Metals ground to a particle size of less than 50-100 µm are capable of igniting and exploding even at ambient temperatures below 20 °C. This is due to exothermic reactions during oxidation processes. Fine metal particles react faster with the same oxygen and release a considerable amount of heat, which can lead to an explosion.
A bit of statistics
Metal dust explosions happen every year. In Russia alone, there have been at least two such incidents in the media in the last six months.
Explosions of metal dust are almost always accompanied by casualties and fatalities. This is due to the great force of the blast wave and the dispersion of burning molten particles.
Examples of accidents caused by metal dust explosions:
- August 2014 — Aluminium dust explosion at an auto parts factory in Kunshan, Jiangsu province, China. Seventy-five people were killed, of whom 25 died in hospital. Witnesses said the burning dust adhered to clothing and skin, causing severe burns. About 185 people were injured. The cause: a safety violation while polishing aluminium rims.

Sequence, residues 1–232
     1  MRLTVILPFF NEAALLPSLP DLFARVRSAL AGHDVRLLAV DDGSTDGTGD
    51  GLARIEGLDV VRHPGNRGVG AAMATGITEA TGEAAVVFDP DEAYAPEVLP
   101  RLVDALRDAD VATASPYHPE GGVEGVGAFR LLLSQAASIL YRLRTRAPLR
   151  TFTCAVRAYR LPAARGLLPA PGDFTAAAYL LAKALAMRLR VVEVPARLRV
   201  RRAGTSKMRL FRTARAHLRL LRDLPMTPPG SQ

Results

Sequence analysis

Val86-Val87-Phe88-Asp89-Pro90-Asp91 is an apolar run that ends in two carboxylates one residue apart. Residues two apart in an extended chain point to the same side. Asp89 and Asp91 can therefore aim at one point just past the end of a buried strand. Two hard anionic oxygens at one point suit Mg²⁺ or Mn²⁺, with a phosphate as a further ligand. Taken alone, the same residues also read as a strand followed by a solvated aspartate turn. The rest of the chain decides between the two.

- December 2021 — An aluminium dust explosion at the AIDC aerospace facility in the Xitun area of Taichung, Taiwan. One person died and six others were injured to varying degrees of severity.
- October 2022 — An explosion due to the ignition of aluminium dust at the Forte Prom GmbH radiator plant in Volgograd, Russia. One person died and three others received burns of varying degrees of severity. The cause was said to be a failure in the machine software, which led to equipment malfunctions.
- January 2023 — An aluminium dust outbreak and fire at the Moliren plant in Roshal, Moscow Region, Russia. Two people were injured. The fire affected 200 sq m.
- March 2023 — Fire at the Dicastal North America aluminium disc manufacturer's plant in Greenville, Michigan, USA. One worker was injured - he suffered severe burns. The fire originated near a blast furnace melting aluminium and magnesium for wheels.
Investigations into accidents show that the main causes of metal dust explosions are often:
- non-compliance with safety procedures during metal processing;
- Inadequate staff qualifications;